• SoundStage! InSight - Dynaudio History and Driver Technology (October 2016)
  • SoundStage! Shorts - The Story How Gryphon Began (September 2016)
  • SoundStage! InSight - Devialet History, ADH Technology, and Expert 1000 Pro (September 2016)
  • SoundStage! Shorts - Devialet's Phantom Loudspeakers (August 2016)
  • SoundStage! InSight - McIntosh Home Theater and Streaming Audio (July 2016)
  • SoundStage! Shorts - McIntosh MC275 Stereo Amplifier (June 2016)

Universal Music Canada 025476J442
Format: CD

Musical Performance

Sound Quality

Overall Enjoyment

In the fall of 1991, my wife and I went to see guitarist Eric Johnson at a club a few miles from our apartment. The opening act was The Tragically Hip, a band from Kingston, Ontario, about which I knew little beyond a single from 1989, “New Orleans Is Sinking,” which had gotten some airplay on a local rock station. The band was touring behind their second full-length album, Road Apples, released just a few months before we saw them.

By the end of the band’s 45-minute set, we were fans. I had seen only a few bands whose live performance was as focused and powerful -- the J. Geils Band and Bruce Springsteen’s E Street Band came to mind. Guitarists Rob Baker and Paul Langlois locked together telepathically, Gord Sinclair’s bass playing was melodic and rhythmically sharp, and Johnny Fay hit the snare drum fiercely. The focus of the band was singer Gordon Downie, who introduced “Little Bones” by telling us it was about the best chicken sandwich he ever ate.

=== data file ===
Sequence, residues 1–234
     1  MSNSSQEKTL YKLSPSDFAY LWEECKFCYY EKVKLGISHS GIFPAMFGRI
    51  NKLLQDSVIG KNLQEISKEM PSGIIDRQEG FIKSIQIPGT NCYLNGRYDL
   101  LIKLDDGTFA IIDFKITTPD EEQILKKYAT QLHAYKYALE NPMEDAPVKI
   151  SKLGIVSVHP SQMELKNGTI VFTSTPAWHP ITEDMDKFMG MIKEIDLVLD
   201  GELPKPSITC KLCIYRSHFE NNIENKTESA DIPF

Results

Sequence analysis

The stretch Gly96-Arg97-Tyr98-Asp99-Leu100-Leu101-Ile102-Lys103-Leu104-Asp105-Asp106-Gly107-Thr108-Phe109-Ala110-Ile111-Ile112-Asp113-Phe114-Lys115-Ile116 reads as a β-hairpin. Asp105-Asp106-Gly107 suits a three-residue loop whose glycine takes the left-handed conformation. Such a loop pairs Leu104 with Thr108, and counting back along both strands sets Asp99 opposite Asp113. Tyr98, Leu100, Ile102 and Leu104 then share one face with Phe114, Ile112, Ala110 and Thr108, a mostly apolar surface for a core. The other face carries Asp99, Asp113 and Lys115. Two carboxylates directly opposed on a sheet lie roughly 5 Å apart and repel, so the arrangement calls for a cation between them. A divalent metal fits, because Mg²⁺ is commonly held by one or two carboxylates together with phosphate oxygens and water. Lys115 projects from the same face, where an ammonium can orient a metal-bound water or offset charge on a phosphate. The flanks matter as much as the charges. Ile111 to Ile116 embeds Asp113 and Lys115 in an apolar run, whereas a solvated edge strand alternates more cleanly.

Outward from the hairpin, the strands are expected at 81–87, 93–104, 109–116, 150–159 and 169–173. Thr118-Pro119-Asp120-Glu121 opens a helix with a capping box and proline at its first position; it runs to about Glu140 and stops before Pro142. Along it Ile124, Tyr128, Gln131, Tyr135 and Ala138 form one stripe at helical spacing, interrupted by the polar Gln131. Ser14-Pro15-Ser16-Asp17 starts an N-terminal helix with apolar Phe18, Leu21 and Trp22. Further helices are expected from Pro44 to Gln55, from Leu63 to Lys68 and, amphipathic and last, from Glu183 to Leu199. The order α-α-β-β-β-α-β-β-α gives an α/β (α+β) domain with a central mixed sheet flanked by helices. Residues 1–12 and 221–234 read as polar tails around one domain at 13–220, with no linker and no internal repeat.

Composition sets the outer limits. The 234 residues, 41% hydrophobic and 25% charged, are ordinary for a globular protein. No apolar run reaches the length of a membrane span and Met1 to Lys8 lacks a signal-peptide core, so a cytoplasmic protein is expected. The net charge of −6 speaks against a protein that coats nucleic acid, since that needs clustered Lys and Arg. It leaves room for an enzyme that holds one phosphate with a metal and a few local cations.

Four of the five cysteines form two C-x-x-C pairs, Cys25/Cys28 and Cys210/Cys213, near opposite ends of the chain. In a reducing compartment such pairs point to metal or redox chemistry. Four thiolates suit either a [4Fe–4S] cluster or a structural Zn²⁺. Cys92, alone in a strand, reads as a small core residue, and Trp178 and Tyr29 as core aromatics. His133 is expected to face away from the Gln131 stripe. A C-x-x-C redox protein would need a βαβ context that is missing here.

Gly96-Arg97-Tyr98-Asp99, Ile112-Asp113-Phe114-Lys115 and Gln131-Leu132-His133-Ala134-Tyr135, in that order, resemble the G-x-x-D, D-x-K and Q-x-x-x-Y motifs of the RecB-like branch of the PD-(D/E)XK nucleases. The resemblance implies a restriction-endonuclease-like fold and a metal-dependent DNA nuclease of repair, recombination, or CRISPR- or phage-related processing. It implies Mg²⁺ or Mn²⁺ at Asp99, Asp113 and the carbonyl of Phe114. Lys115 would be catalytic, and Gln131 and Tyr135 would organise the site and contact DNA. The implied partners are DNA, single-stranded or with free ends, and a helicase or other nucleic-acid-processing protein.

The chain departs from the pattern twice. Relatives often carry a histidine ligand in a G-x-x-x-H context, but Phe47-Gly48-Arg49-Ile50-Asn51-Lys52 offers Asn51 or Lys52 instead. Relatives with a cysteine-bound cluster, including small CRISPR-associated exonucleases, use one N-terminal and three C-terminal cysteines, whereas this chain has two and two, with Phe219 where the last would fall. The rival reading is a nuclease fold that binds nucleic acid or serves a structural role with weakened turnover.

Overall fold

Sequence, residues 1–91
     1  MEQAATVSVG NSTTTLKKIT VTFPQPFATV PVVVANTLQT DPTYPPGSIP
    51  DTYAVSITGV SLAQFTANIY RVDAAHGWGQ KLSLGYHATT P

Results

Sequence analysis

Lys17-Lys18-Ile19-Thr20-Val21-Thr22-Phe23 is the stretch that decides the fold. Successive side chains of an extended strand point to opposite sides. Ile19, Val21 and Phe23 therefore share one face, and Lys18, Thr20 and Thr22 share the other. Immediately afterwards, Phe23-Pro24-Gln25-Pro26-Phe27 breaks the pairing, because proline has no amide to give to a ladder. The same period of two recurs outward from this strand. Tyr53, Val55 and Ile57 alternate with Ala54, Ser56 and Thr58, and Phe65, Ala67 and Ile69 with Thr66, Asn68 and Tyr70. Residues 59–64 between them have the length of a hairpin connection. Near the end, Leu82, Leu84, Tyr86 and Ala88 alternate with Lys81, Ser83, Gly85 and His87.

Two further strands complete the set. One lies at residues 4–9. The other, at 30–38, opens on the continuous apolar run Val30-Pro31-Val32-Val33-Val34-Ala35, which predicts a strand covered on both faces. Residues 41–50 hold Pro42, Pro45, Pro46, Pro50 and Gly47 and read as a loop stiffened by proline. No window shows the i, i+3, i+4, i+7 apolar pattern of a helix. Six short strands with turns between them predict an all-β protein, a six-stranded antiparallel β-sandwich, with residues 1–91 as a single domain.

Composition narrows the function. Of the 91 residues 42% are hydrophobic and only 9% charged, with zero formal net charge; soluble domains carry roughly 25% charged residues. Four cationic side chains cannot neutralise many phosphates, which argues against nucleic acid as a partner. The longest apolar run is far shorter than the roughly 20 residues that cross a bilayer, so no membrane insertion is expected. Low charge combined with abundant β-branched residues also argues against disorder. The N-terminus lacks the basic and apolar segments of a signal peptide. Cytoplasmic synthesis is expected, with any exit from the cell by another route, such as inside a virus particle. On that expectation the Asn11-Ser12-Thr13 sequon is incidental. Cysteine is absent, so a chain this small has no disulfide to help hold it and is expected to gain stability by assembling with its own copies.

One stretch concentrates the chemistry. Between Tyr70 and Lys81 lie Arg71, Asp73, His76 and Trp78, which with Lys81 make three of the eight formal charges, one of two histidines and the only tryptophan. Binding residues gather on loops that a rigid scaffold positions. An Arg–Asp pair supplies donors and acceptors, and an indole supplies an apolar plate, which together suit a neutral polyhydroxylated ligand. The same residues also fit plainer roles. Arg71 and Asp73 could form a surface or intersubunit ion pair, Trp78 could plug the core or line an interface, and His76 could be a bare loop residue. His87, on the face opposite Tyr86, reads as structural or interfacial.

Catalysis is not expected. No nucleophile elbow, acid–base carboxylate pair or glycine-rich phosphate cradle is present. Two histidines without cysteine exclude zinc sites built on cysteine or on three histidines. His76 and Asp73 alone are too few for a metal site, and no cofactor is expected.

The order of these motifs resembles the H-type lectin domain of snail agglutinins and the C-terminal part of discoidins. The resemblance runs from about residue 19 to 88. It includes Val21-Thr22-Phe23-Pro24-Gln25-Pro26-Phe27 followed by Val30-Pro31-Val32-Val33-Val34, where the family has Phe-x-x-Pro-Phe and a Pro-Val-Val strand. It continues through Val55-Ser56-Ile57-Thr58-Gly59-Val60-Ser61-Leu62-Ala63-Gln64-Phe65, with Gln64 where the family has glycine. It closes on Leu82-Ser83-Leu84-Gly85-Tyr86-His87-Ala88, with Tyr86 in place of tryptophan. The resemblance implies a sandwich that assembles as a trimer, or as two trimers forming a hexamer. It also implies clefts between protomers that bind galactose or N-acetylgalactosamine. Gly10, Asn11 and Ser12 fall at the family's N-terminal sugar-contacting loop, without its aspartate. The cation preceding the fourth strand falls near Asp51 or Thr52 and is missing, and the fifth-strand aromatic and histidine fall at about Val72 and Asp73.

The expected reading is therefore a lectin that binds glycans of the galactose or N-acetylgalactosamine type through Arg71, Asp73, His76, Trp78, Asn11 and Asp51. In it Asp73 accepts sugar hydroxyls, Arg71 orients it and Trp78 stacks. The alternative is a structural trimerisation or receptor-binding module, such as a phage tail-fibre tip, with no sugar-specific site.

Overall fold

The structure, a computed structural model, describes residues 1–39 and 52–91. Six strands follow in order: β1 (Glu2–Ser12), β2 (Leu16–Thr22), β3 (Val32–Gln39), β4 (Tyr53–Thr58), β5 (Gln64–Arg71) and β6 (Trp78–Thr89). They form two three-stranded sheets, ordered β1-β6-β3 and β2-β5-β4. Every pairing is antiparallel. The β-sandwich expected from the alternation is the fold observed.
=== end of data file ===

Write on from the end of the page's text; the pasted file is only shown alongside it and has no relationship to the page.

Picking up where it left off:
Since then The Tragically Hip have released 11 CDs, each combining muscle and finesse in songs that, at their best, are as tough as Exile-era Stones. They experimented with their sound along the way, especially on We Are the Same (2009), but Now for Plan A (2012) was the kind of uncompromising rock’n’roll that made the band great.

Man Machine Poem, the Hip’s latest, takes its title from a song on Now for Plan A. At times boldly experimental, it’s also as hard-edged and uncompromising as the Hip’s best discs. “Man” starts things off with an electronically processed version of Downie’s voice reading the opening lines: “I’m a man and I’m a man / I do what I hate and don’t understand.” The music is moody and builds in intensity, Baker and Langlois playing arpeggios around the keyboards provided by co-producers Kevin Drew (Broken Social Scene) and Dave Hamelin (The Stills).

“In a World Possessed by the Human Mind” is the kind of medium-tempo rock that the Hip does better than any band I can think of, letting the tension and energy build to a dramatic conclusion. The guitar interplay of Baker and Langlois swirls through “What Blue,” and it’s remarkable how the guitarists can alter their playing to a more open and refined approach without losing sight of the band’s rock and blues essence. Baker’s E Bow guitar solo ups the track’s intensity before Downie returns to close it on an understated note.